92. ^ See Taylor Branch, Parting the Waters: America in the King Years 1954-1963.
  93. ^ Bass, Like a Mighty Stream (2002), p. 126.
  94. ^ Garrow, Bearing the Cross (1986), p. 284.
  95. ^ Barber, Marching on Washington (2002), p. 171.
  96. ^ Talia Whyte, "Baldwin: A literary standard"; Baystate Banner 43(27), 14 February 2008.
  97. ^ Herb Boyd, Baldwin's Harlem: A Biography of James Baldwin; New York: Atria, 2008; p. 70.
  98. ^ Barber, Marching on Washington (2002), p. 158.
  99. ^ Bass, Like a Mighty Stream (2002), pp. 109, 111.
  100. ^ Bass, Like a Mighty Stream (2002), p. 108.
  101. ^ Euchner, Nobody Turn Me Around (2010), p. 159.
  102. ^ Jones, March on Washington (2013), p. online.
  103. ^ Euchner, Nobody Turn Me Around (2010), p. 109.
  104. ^ David Hajdu, Positively 4th Street: The Lives and Times of Joan Baez, Bob Dylan, Mimi Baez Farina and Richard Farina; New York: Picador, 2001; ISBN 9781429961769; p. 201
  105. ^ Barber, Marching on Washington (2002), p. 172.
  106. ^ Bass, Like a Mighty Stream (2002), p. 94.
  107. ^ Reeves, Richard, President Kennedy: Profile of Power (1993) pp. 580–584
  108. ^ "The March on Washington and Television News," by William Thomas
  109. ^ Barber, Marching on Washington (2002), p. 175.
  110. ^ Euchner, Nobody Turn Me Around (2010), p. 70.
  111. ^ a b Barber, Marching on Washington (2002), pp. 176–178.
  112. ^  
  113. ^ Euchner, Nobody Turn Me Around (2010), pp. 16.
  114. ^ Barber, Marching on Washington (2002), p. 153. "Segregationists and black nationalists launched scathing criticisms of the Kennedy administration for its support. For rabid segregationist Representative W.J. Bryan Dorn, a Democrat from South Carolina, the absurdity was that 'for the first time in the history of our Nation . . . the Federal government has itself encouraged a "march on Washington."'"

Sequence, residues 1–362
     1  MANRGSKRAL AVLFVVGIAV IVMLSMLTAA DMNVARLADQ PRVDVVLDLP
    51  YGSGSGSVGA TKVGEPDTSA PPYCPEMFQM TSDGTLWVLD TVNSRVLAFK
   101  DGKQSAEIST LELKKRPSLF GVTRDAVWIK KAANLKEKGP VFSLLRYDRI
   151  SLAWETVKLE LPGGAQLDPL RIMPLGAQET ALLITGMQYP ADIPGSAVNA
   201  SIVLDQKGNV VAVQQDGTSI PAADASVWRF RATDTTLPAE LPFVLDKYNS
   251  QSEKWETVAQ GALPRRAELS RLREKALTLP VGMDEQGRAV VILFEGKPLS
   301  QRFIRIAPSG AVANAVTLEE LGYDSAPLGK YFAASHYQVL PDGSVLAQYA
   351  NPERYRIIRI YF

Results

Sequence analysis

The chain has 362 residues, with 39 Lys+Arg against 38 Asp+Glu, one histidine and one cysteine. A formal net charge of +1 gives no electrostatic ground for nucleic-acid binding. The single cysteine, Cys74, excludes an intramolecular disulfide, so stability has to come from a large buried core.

115. ^ Bass, Like a Mighty Stream (2002), p. 95.
  116. ^ Bass, Like a Mighty Stream (2002), p. 142.
  117. ^ Bass, Like a Mighty Stream (2002), p. 38.
  118. ^ Richard D. Brown, "March On Washington Was Day To Remember — And Relive The Bus, Henry Armstrong — And The Work Left Undone"; Hartford Courant, 16 August 2013.
  119. ^ Euchner, Nobody Turn Me Around (2010), pp. 24–25.
  120. ^ Bass, Like a Mighty Stream (2002), p. 72.
  121. ^ Euchner, Nobody Turn Me Around (2010), pp. 81–82.
  122. ^ Bass, Like a Mighty Stream (2002), p. 101.
  123. ^ a b DeWayne Wickham, "Rustin finally getting due recognition"; Pacific Daily News, 15 August 2013.
  124. ^ Euchner, Nobody Turn Me Around (2010), p. 89
  125. ^ Bruce Bartlett, "How the March on Washington Flipped the Southern Vote"; Fiscal Times, 16 August 1963.
  126. ^ Barber, Marching on Washington (2002), pp. 173–174.
  127. ^ "New stamp commemorates 1963 March on Washington". CBS News. Retrieved 24 August 2013. 
  128. ^ "King's unfinished work", Philadelphia Inquirer, 16 August 2013.
  129. ^ Freddie Allen, "Upcoming Washington March should again focus on jobs", Madison Times (NNPA), 14 August 2013.
  130. ^ Algernon Austin, "The Unfinished March: An Overview"; Economic Policy Institute Report, 18 June 2013.
  131. ^ Dedrick Muhammad, "50 Years After the March On Washington: The Economic Impacts on Education"; Huffington Post, 13 August 2013.